In Prinzmetal’s original description,1 spontaneous episodes of rest angina were associated with transient ST elevation that promptly resolved with short-acting nitrates. Subsequent studies have also demonstrated transient ST depression and U wave changes during spontaneous VSA episodes. If a spontaneous episode of rest angina is associated with transient ischaemic electrocardiogram (ECG) changes and there is no other cause identified for the ECG changes, then coronary artery spasm is presumed to be responsible and a definitive diagnosis of VSA may be made without formal documentation of coronary artery spasm (Table 1). However, documenting ischaemic ECG changes during spontaneous episodes of rest angina occurs infrequently so that coronary artery spasm provocative testing is often required.
Coronary artery spasm manifestations
Coronary artery spasm provocation testing has been clinically used for >40 years although in contemporary cardiology practice, it is largely restricted to specialized centres. Multiple spasm testing protocols have been developed including non-invasive methods and these are discussed in detail in other papers.3 The discussion in this paper is restricted to the gold standard approach.
The gold standard method for provocative spasm testing involves the administration of a provocative stimulus (typically intracoronary acetylcholine but alternatively intracoronary or intravenous ergonovine may be used) during invasive coronary angiography with the monitoring of patient symptoms, ECG and angiographic documentation of coronary artery spasm. A positive provocative test for coronary artery spasm must induce all of the following in response to the provocative stimulus: (i) reproduction of the usual chest pain, (ii) ischaemic ECG changes, and (iii) >90% vasoconstriction on angiography. The test result is considered equivocal if the provocative stimulus does not induce all three components. The consensus from the COVADIS symposium was that >90% vasoconstriction is the angiographic threshold to diagnose inducible spasm. Furthermore, this total/subtotal vasoconstriction may occur within the confines of one isolated coronary segment (focal spasm) or in ≥2 adjacent coronary segments (diffuse spasm).10,15 Validation studies have demonstrated a high sensitivity and specificity for both the ergonovine (91 and 97%, respectively16) and acetylcholine (90 and 99%, respectively17) protocols relative to the diagnosis of spontaneous VSA.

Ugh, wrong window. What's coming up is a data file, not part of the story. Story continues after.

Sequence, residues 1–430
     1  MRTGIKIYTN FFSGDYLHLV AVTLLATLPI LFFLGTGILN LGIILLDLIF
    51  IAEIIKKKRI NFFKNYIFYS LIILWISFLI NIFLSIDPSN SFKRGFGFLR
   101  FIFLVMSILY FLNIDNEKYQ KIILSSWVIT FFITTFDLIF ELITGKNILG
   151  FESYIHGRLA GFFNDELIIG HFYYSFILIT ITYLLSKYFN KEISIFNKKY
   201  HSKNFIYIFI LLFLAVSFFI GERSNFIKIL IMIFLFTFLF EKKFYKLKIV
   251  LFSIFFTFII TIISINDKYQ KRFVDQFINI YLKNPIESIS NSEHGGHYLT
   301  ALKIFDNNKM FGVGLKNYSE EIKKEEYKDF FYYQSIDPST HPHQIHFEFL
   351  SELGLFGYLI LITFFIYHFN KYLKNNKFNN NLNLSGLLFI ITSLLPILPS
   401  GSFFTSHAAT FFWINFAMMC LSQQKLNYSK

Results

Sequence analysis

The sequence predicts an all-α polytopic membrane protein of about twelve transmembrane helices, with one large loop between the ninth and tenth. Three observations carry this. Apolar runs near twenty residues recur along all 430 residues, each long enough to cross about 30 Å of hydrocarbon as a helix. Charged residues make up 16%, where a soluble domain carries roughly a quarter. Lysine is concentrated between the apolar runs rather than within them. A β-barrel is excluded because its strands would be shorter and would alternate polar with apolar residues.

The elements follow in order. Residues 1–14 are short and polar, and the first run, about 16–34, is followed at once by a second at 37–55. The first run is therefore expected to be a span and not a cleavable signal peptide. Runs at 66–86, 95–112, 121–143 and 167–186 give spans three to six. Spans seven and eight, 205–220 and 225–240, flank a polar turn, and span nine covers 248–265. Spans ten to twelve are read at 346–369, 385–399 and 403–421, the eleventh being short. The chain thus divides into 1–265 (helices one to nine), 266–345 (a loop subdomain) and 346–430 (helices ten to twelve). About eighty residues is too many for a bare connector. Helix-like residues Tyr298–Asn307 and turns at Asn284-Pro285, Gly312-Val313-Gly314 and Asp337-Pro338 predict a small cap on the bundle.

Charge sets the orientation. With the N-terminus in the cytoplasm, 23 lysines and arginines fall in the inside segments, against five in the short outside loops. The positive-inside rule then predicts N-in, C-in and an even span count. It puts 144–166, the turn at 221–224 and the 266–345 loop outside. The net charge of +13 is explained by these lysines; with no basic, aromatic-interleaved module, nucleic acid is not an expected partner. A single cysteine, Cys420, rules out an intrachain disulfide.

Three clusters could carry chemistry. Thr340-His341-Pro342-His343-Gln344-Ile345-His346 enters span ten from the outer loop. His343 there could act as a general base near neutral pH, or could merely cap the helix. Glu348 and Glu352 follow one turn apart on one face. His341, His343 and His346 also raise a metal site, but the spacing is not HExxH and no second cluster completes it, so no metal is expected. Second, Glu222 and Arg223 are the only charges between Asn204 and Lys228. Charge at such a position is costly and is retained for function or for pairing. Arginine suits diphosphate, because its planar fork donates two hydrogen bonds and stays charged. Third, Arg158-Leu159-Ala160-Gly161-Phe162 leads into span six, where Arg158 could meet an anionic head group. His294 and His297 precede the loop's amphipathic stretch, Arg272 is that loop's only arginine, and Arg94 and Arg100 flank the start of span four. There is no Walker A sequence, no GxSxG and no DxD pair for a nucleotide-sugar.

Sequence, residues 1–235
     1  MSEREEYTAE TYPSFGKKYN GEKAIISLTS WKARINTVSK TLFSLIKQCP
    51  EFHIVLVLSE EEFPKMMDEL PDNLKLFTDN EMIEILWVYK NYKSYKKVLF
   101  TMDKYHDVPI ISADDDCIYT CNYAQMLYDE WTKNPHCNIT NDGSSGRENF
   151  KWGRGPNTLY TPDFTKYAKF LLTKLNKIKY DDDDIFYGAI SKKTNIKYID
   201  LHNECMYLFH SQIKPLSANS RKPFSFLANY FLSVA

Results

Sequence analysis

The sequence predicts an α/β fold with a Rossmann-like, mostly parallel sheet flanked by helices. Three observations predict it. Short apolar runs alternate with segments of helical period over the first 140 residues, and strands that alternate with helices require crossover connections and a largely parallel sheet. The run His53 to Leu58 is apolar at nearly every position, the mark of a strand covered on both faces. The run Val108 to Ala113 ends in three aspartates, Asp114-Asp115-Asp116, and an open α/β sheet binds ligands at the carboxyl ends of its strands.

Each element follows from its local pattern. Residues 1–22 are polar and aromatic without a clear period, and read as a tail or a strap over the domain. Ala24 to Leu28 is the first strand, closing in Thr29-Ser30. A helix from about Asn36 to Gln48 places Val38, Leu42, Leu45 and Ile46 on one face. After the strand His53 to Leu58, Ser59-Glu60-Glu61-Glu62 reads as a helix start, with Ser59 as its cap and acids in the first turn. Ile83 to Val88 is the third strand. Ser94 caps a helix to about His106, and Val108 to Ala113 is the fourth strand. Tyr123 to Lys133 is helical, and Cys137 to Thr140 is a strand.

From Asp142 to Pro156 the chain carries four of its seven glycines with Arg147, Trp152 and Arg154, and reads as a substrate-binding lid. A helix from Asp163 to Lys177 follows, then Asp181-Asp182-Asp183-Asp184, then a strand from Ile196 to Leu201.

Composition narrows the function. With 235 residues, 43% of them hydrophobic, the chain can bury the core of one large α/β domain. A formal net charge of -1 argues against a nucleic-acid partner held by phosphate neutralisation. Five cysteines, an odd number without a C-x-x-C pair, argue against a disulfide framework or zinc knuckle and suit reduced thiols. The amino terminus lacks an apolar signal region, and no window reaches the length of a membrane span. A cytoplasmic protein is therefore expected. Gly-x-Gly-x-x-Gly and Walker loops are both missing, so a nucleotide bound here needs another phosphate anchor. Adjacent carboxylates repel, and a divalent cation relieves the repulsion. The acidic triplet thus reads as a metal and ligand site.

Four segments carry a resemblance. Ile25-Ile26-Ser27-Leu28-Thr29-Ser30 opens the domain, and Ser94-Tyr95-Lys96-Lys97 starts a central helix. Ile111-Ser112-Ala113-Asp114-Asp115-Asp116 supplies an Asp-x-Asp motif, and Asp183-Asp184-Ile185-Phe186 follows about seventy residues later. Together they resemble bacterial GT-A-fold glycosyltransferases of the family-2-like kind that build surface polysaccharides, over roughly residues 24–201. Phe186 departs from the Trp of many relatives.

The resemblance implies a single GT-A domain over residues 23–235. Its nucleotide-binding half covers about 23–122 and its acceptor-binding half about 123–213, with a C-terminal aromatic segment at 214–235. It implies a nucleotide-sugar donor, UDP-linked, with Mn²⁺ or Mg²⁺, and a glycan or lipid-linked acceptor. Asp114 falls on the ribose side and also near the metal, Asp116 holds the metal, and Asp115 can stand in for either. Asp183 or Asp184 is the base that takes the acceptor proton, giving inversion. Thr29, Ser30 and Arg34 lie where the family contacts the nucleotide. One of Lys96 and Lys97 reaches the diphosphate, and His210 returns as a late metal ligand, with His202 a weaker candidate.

Non-invasive bedside provocative spasm testing has been associated with significant adverse events including death,18 because detection and alleviation of the induced spasm is delayed. In contrast, invasive provocative spasm testing allows rapid detection and treatment of the induced spasm. Accordingly, there are no reported deaths and a similar risk profile to other invasive coronary procedures,15,19,20 although there is 6.8% incidence of cardiac arrhythmias (i.e. comparable with that observed during spontaneous coronary artery spasm episodes).20
Considering the risks associated with provocative spasm testing, the procedure should be performed by personnel experienced with the protocol in patients where the risk and benefits have been carefully evaluated. Table 2 outlines recommended indications for provocative spasm testing. These are ranked into the conventional Class I–III categories, based upon the relative risks and benefits of the investigation.
There are no universal diagnostic criteria for VSA, which has impaired the progress in understanding and diagnosing this disorder. Adoption of these diagnostic criteria will improve the clinical diagnosis of this condition and facilitate research in this field. Future directions for COVADIS involve the establishment of an international coronary vasomotor disorder clinical registry for diagnostic, prognostic, and therapeutic research.